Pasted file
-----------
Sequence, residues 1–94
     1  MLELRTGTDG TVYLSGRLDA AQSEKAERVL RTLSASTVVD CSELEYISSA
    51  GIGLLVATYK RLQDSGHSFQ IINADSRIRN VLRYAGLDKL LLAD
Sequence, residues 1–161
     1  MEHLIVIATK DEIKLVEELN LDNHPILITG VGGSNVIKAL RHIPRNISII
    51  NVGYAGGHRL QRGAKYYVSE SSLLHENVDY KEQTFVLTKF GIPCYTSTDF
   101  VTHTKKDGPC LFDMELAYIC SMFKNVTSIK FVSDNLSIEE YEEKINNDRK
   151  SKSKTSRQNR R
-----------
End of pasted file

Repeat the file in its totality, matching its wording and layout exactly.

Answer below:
Sequence, residues 1–94
     1  MLELRTGTDG TVYLSGRLDA AQSEKAERVL RTLSASTVVD CSELEYISSA
    51  GIGLLVATYK RLQDSGHSFQ IINADSRIRN VLRYAGLDKL LLAD
Sequence, residues 1–161
     1  MEHLIVIATK DEIKLVEELN LDNHPILITG VGGSNVIKAL RHIPRNISII
    51  NVGYAGGHRL QRGAKYYVSE SSLLHENVDY KEQTFVLTKF GIPCYTSTDF
   101  VTHTKKDGPC LFDMELAYIC SMFKNVTSIK FVSDNLSIEE YEEKINNDRK
   151  SKSKTSRQNR R